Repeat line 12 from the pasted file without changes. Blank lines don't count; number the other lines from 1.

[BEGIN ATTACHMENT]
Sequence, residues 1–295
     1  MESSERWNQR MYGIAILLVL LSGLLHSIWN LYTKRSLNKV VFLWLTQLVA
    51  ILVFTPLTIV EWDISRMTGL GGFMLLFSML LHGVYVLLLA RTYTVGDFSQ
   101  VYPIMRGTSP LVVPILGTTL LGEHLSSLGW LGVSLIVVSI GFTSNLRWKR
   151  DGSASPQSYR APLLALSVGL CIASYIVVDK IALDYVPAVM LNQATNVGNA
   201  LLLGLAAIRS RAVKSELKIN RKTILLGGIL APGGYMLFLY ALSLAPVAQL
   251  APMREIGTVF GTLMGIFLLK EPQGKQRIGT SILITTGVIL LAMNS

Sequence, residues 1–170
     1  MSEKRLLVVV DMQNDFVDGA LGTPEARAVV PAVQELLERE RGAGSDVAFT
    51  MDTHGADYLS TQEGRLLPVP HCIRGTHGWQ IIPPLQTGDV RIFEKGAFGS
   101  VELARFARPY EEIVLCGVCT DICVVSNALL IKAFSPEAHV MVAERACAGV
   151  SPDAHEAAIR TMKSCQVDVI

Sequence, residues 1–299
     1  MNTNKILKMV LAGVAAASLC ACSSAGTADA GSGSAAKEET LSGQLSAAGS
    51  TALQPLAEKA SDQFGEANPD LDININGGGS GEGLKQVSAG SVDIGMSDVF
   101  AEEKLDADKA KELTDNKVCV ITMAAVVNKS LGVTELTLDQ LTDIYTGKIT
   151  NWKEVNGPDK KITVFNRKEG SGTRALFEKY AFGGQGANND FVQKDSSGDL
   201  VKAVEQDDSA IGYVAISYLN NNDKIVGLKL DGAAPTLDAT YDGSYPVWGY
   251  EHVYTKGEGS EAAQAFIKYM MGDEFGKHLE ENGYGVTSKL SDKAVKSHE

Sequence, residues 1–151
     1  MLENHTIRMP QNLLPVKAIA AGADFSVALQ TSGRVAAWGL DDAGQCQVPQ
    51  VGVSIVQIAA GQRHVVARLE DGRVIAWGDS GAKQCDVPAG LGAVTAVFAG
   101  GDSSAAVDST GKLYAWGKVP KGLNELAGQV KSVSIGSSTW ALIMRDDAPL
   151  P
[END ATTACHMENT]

   151  SPDAHEAAIR TMKSCQVDVI